September 2, 2022 / Unchained Daily / Laura Shin
- OpenSea announced it will only support NFTs on the proof-of-stake Ethereum blockchain after the Merge.
- Crypto.com (disclosure: sponsor of Unchained) pulled out of a $495 million deal with UEFA Champions League.
- The Macalinao brothers, who used several identities to mislead volumes in a crypto exchange, decided to leave their venture capital firm.
- Kyber Network, a DeFi platform, suffered a $265,000 exploit.
- US authorities requested records on Binance and its CEO, according to Reuters.
- The CEO of crypto miner PrimeBlock stepped down after a canceled SPAC deal.
- After losing $3.4 million in the Rari exploit, DeFi protocol Babylon Finance will shut down.
- DeFi application 1inch (disclosure: sponsor of Unchained) will airdrop 300,000 OP tokens for its users on the Optimism layer 2 network.
- FTX US Derivatives added former CFTC commissioner Jill Sommers as a board member.
- Compass Mining, a BTC mining company, decided to shut down two facilities in Georgia due to the increase in electricity costs.
- The SEC and the CFTC are requesting comments on a proposal to integrate crypto into the reporting regime for hedge funds.
Today in Crypto Adoption…
- Crypto bank Sygnum will open a metaverse hub in Decentraland.
What Do You Meme?
Celsius Asks to Return Some Customer Funds
Bankrupt crypto lender Celsius is seeking to return some of its customer funds.
In a filing submitted yesterday in the Bankruptcy Court for the Southern District of New York, Celsius asked for permission to return customer assets held in the “Custody Program and Withhold Accounts.”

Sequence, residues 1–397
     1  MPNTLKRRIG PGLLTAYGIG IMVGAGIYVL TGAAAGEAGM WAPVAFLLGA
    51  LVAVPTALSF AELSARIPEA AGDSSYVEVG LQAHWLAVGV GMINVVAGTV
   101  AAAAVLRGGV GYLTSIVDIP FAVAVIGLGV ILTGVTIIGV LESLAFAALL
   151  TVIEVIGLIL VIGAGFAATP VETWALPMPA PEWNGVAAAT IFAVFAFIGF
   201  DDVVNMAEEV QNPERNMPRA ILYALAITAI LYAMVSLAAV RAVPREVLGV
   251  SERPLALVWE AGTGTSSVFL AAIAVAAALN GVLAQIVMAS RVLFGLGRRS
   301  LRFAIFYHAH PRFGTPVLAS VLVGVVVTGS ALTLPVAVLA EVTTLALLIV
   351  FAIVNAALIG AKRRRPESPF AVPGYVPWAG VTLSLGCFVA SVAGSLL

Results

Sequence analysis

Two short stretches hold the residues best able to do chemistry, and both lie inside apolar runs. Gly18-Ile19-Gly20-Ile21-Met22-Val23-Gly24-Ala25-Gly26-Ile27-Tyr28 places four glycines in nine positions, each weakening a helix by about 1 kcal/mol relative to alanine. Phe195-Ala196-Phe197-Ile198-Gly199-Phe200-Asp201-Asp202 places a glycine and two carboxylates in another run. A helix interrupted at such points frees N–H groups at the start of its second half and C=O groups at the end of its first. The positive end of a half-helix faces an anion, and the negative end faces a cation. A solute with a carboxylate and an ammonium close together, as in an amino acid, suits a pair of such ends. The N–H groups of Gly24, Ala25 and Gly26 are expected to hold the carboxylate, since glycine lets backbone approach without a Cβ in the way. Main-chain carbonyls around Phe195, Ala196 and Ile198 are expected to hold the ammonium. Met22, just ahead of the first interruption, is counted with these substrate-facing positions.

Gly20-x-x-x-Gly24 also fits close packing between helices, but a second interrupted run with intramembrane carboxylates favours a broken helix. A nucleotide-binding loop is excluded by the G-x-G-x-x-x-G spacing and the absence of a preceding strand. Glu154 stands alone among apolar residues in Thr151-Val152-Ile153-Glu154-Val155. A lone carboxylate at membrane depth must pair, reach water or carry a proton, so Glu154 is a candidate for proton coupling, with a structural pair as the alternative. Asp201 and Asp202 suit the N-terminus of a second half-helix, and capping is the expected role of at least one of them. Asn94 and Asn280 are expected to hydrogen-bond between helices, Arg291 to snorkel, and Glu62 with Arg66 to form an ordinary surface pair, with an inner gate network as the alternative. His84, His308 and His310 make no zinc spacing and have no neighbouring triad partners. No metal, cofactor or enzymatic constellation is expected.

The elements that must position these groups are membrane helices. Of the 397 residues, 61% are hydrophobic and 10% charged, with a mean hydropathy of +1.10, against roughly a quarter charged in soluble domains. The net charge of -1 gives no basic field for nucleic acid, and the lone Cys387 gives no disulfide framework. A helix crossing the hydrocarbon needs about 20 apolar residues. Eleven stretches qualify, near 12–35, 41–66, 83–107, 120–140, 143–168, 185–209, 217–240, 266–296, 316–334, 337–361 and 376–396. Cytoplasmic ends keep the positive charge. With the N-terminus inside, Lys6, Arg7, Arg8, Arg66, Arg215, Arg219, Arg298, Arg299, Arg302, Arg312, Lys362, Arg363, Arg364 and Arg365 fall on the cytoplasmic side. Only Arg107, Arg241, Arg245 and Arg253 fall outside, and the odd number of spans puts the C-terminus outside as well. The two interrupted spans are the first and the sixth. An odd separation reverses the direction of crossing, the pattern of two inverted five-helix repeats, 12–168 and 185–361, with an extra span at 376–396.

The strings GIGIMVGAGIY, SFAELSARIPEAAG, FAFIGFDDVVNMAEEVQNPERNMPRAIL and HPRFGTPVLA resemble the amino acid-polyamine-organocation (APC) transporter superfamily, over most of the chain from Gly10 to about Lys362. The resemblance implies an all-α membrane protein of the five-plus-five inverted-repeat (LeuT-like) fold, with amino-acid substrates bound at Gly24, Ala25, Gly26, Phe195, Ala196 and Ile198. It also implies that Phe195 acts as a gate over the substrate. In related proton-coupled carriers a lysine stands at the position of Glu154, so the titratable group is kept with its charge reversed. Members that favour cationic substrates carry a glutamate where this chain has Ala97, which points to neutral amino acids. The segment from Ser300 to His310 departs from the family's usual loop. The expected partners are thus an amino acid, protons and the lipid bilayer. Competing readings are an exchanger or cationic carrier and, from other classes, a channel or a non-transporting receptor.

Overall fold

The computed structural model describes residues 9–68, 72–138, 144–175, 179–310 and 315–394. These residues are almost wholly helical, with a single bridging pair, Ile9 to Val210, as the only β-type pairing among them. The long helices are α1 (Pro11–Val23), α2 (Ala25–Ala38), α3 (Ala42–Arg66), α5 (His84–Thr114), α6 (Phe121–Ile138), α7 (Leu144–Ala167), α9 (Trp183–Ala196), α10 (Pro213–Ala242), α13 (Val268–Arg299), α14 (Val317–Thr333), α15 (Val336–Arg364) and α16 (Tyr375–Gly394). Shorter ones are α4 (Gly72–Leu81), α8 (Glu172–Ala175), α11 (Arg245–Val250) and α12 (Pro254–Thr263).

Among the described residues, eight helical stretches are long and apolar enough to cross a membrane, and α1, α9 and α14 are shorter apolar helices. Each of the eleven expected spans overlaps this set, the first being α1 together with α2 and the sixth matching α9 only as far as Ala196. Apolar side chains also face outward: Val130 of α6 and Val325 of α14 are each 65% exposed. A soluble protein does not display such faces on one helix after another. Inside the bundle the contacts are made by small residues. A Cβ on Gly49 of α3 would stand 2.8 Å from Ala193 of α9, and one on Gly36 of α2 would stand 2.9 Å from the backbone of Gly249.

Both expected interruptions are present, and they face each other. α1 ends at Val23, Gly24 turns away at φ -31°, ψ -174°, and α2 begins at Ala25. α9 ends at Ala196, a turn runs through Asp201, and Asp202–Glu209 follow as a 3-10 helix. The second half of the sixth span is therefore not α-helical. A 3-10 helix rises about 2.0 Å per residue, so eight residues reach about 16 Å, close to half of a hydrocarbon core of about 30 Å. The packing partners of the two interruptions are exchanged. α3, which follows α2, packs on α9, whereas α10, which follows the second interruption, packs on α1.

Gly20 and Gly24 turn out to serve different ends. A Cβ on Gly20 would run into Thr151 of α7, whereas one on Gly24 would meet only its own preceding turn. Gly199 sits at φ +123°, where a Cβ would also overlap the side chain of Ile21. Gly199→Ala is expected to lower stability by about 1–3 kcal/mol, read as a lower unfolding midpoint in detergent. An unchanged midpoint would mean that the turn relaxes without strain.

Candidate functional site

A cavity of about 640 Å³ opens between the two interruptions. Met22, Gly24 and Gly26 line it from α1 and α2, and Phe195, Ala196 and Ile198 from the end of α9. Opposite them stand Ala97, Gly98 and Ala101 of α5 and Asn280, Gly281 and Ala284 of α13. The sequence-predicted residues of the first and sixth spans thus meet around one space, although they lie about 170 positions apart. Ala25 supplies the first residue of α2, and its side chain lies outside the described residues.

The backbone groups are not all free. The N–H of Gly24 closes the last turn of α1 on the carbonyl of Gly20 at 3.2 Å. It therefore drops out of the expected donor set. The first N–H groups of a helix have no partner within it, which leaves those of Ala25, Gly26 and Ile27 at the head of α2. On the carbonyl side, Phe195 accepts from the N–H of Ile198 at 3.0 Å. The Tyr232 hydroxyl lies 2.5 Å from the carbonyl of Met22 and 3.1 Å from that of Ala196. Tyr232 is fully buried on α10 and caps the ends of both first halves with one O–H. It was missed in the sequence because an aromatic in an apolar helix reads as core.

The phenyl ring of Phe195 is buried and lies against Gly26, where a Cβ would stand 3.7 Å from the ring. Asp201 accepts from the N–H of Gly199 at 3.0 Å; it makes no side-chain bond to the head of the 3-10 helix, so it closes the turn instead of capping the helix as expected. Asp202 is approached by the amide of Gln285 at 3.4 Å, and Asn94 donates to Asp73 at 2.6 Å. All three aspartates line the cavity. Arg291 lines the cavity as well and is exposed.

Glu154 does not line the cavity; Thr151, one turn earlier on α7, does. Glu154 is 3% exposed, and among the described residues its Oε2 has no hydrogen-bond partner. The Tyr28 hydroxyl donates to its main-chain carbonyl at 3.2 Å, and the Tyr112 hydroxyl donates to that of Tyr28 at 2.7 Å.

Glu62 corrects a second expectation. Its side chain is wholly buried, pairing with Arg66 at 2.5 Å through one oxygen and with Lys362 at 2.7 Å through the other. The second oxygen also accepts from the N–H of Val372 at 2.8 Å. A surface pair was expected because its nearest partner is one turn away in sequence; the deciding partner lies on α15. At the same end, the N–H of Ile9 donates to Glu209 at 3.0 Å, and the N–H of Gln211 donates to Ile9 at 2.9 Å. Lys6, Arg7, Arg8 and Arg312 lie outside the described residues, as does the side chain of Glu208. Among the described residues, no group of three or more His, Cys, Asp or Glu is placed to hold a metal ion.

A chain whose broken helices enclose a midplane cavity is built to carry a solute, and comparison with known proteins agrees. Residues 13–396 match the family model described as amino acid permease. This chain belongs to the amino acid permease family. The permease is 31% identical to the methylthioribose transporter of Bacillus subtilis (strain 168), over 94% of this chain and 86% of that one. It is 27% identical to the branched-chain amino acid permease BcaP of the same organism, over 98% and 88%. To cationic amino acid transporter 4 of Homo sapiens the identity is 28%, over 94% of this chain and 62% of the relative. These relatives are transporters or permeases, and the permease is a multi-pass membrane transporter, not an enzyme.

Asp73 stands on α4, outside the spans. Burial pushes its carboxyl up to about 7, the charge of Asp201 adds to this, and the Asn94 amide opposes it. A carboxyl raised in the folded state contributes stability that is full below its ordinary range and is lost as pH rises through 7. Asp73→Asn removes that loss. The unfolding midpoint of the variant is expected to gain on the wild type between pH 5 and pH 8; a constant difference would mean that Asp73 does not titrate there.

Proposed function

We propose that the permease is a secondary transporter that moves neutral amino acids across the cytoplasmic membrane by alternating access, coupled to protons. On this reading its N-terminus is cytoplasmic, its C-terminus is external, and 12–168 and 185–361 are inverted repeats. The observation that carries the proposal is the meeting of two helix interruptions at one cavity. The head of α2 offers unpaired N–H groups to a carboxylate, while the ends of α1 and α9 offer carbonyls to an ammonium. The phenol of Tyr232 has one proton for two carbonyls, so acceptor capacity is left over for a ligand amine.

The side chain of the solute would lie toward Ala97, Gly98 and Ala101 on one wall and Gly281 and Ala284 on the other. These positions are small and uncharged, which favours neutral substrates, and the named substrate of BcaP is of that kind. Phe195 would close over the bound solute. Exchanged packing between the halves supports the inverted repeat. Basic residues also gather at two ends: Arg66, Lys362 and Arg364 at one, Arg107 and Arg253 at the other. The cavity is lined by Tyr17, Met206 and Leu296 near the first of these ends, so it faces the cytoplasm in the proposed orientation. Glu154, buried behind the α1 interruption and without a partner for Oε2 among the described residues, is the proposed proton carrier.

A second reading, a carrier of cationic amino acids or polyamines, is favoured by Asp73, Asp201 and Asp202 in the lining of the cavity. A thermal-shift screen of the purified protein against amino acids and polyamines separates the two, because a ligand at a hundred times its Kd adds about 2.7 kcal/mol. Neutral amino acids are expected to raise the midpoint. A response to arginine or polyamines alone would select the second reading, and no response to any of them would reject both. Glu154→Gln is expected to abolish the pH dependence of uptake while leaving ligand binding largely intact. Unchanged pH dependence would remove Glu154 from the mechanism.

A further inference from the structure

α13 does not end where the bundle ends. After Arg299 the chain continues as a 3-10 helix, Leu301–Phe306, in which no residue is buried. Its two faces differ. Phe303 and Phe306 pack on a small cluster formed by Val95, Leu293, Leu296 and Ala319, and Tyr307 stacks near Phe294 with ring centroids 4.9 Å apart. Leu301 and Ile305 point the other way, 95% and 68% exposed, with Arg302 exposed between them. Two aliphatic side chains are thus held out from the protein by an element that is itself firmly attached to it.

The company claims that these accounts are not its property and therefore people should be able to withdraw their funds. Celsius also made clear the distinction between these accounts, which did not generate yield, and the “Earn” and “Borrow” ones.
According to the filing, these accounts have $210 million in deposits from more than 58,000 users.
However, because only $44 million belong to “pure custody accounts”, not the entire amount will be returned to their owners. Thomas Braziel, a bankruptcy expert who was recently interviewed for the premium offering, was a little skeptical about the filing. “I mean – returning 40-50m of 215m of assets is not returning custody funds in my mind,” he said on Twitter.
After the hearings, the CEL token rocketed, as it rose over 20% in the day, hitting a high of $1.45.
“While today’s motion, which will be considered at a later hearing, would apply only to a certain group of customers, we are preparing to address matters related to all customers as we move ahead. We continue to pursue all available avenues as quickly as possible,” said Celsius on its official Twitter account.
Celsius will continue to go through its bankruptcy process, and its next public hearing is scheduled for September 14.
- The DeFi Investor on Cosmos’ Interchain Security
- Alec Chen on the future of on-chain gaming
- Adriano Feria on Bitcoin’s security
On The Pod…
Miles Jennings, general counsel at a16z crypto, talks about its new “can’t be evil” NFT licenses and how they help to solve many problems within the NFT industry. Show highlights:
- what “can’t be evil” NFT licenses are and what problems they solve
- what can these licenses achieve for content creators
- which are the five rights that the licenses address
- whether the NFT licenses help resolve hate speech issues for creators
- why a16z described its licenses as “can’t be evil”
- how these licenses will be enforced
- how anyone buying NFTs should now be able to understand what they are buying
- why previous attempts to create standardized NFT license didn’t succeed
- why Miles thinks these new NFT licenses are going to succeed
My book, The Cryptopians: Idealism, Greed, Lies, and the Making of the First Big Cryptocurrency Craze, which is all about Ethereum and the 2017 ICO mania, is now available!
You can purchase it here: http://bit.ly/cryptopians